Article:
Electrocardiograms (EKGs) help diagnose heart attacks and can accurately predict future ones. However, they are not particularly reliable tools for detecting previous heart attacks.
An electrocardiogram (EKG) is a tool that measures a person’s heart rhythm.
This article explains how EKGs work and how they detect a heart attack. It also outlines the potential for EKGs to detect past heart attacks and predict future ones.
It also discusses silent heart attacks and other heart attack diagnostic tools.
An EKG is a test that measures a person’s heart rhythm and electrical activity.
During an EKG, medical professionals attach special sensors to a person’s skin. These sensors record the heart’s electrical activity, including the electrical impulses the heart produces with each beat.
A machine records and processes this information. It provides a readout of the wave patterns that specialists analyze.
According to a
How heart attacks show up on EKGs is a complicated and technical matter. However, EKGs can identify some tell-tale signs of a heart attack in the form of ST elevations. In people with acute coronary syndrome, ST segment depressions may signal an obstructed artery.
These patterns involve the following EKG results:
- ST: This is when the ST segment of the EKG is abnormally low. This ST segment represents the changes that occur when electrical activity flows out of the ventricles, also known as depolarization. The ventricles are the two lower chambers of the heart. When they depolarize, they contract.
- T waves: T waves represent how the ventricles regain their electrical charge after having lost it. This is known as repolarization. De Winter T waves are a type of down-sloping T wave.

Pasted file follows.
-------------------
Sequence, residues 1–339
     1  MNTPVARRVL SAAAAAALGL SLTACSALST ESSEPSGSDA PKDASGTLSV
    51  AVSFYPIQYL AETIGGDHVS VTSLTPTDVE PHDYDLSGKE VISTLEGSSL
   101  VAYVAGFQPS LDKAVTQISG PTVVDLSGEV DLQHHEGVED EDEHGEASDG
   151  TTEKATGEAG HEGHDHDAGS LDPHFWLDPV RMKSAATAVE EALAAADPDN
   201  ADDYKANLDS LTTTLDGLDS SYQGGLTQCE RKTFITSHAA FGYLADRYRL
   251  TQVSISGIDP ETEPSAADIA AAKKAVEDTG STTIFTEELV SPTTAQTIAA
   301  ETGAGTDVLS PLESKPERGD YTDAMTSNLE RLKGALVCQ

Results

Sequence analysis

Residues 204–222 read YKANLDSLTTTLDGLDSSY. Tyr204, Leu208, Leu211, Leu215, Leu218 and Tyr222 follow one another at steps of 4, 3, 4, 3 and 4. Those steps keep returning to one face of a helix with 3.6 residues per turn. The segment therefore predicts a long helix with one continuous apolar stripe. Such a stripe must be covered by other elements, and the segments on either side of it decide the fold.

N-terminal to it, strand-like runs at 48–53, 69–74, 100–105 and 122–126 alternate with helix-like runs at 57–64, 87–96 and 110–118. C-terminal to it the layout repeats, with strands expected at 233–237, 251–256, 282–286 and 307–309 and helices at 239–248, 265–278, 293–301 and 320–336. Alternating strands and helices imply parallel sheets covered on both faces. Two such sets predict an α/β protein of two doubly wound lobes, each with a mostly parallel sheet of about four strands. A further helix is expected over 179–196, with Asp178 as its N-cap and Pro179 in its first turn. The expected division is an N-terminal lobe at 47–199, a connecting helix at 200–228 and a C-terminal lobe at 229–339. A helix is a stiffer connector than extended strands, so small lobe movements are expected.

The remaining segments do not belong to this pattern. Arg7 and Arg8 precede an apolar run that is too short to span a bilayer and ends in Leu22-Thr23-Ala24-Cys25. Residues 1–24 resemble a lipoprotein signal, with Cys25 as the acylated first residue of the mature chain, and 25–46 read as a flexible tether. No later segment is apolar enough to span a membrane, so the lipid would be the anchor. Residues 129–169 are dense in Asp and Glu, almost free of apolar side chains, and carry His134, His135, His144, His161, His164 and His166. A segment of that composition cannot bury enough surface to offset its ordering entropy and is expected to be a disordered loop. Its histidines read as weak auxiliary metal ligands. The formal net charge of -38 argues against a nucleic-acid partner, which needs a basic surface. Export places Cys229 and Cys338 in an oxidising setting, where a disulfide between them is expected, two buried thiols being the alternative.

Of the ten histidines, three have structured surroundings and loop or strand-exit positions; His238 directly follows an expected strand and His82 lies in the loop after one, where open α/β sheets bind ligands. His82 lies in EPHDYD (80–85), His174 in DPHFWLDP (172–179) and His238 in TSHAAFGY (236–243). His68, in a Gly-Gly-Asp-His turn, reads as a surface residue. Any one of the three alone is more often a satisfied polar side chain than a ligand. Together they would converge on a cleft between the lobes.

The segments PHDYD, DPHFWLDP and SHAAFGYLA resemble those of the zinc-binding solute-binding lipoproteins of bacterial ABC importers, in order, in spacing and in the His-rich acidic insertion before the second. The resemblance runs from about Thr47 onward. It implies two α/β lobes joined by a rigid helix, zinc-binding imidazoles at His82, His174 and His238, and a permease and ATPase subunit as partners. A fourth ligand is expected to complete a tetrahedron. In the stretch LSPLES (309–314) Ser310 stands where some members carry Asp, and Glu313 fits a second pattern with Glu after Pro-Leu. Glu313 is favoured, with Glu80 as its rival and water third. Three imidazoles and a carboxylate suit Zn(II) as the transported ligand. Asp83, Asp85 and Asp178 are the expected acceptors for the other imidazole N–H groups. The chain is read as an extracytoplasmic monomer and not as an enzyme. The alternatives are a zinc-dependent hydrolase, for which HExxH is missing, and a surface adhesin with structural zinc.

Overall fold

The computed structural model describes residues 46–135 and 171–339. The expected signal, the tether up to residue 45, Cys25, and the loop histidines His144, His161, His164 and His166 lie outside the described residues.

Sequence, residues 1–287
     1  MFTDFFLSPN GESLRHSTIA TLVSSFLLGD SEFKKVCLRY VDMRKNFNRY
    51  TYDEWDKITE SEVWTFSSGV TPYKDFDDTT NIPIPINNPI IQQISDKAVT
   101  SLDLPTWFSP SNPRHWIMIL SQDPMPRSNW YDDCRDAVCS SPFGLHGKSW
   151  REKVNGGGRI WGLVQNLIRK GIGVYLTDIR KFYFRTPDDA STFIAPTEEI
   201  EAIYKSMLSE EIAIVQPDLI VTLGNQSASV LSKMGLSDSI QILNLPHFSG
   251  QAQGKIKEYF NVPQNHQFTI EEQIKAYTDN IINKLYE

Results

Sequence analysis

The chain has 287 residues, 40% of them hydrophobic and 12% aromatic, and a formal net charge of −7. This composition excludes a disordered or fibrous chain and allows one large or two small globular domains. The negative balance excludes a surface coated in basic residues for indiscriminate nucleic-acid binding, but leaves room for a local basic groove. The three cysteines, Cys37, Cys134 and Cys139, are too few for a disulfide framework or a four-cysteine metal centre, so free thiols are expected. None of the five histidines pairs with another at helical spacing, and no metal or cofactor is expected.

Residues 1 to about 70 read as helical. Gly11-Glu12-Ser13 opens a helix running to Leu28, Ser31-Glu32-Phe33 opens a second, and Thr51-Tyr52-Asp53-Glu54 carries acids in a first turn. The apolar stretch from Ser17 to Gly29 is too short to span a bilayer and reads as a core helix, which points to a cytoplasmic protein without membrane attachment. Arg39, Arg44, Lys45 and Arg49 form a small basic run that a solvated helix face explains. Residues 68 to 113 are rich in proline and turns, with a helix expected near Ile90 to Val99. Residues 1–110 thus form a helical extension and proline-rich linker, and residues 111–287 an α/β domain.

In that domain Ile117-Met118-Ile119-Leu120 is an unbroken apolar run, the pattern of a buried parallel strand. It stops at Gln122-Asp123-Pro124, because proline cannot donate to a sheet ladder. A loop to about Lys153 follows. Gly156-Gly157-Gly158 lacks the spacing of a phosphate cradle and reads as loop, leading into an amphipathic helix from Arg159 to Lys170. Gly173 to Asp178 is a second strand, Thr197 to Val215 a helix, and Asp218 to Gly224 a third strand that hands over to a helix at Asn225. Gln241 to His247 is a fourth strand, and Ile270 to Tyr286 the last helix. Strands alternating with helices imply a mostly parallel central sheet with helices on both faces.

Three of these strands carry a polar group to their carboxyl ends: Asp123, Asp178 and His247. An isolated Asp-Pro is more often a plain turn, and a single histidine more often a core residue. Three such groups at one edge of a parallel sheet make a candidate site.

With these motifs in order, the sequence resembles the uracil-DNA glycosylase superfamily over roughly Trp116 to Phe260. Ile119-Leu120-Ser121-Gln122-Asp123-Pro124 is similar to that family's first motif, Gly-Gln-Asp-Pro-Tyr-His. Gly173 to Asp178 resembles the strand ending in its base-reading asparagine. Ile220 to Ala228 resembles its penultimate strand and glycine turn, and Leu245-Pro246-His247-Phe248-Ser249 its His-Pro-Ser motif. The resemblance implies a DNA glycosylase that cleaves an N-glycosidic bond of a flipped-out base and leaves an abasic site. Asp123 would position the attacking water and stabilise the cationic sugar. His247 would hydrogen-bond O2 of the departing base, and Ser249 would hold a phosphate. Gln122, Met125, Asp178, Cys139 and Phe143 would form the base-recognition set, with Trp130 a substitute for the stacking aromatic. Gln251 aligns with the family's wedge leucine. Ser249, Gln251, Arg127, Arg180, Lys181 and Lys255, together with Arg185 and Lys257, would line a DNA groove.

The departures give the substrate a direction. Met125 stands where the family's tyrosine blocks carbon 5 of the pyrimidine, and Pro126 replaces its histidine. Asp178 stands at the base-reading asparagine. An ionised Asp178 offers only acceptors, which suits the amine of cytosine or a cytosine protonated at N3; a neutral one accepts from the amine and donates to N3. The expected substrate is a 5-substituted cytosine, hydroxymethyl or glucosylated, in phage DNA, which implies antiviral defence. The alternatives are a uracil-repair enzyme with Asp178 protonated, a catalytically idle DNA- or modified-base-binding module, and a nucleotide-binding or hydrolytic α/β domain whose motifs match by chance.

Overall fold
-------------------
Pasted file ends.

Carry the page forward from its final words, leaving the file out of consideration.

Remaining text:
- R waves: Another way that EKG measures the extent of ventricle depolarization.
- aVF: This is an abbreviation for “augmented vector foot.” This EKG pattern comes from a lead that medical professionals attach to the left leg. It records electrical activity related to the bottom of the heart.
EKGs may be able to detect previous heart attacks. However, an EKG is not the most reliable way to detect previous heart attacks.
According to a
Ultimately, EKGs are more helpful in determining that someone has not had a previous heart attack.
EKGs may also help predict future heart attacks.
According to the
- a feeling of having a strained chest or upper back muscle
- long lasting and excessive fatigue
The AHA estimates that around 20% of all heart attacks that occur in the United States each year are silent.
EKGs are not the only tests available for diagnosing heart attacks.
According to the
Doctors can also use heart imaging tests to determine whether someone’s heart is functioning correctly. These tests include echocardiograms and computed tomography (CT) scans.
Cardiovascular health resources
Visit our dedicated hub for more research-backed information and in-depth resources on cardiovascular health.
EKGs work by measuring the electrical signals in a person’s heart. They can detect heart attacks as they are happening by picking up on abnormalities in ventricle depolarization and repolarization.
Evidence suggests that EKGs can detect previous heart attacks. However, they are much more reliable at detecting the absence of previous heart attacks. They can also help to assess the risk of future heart attacks.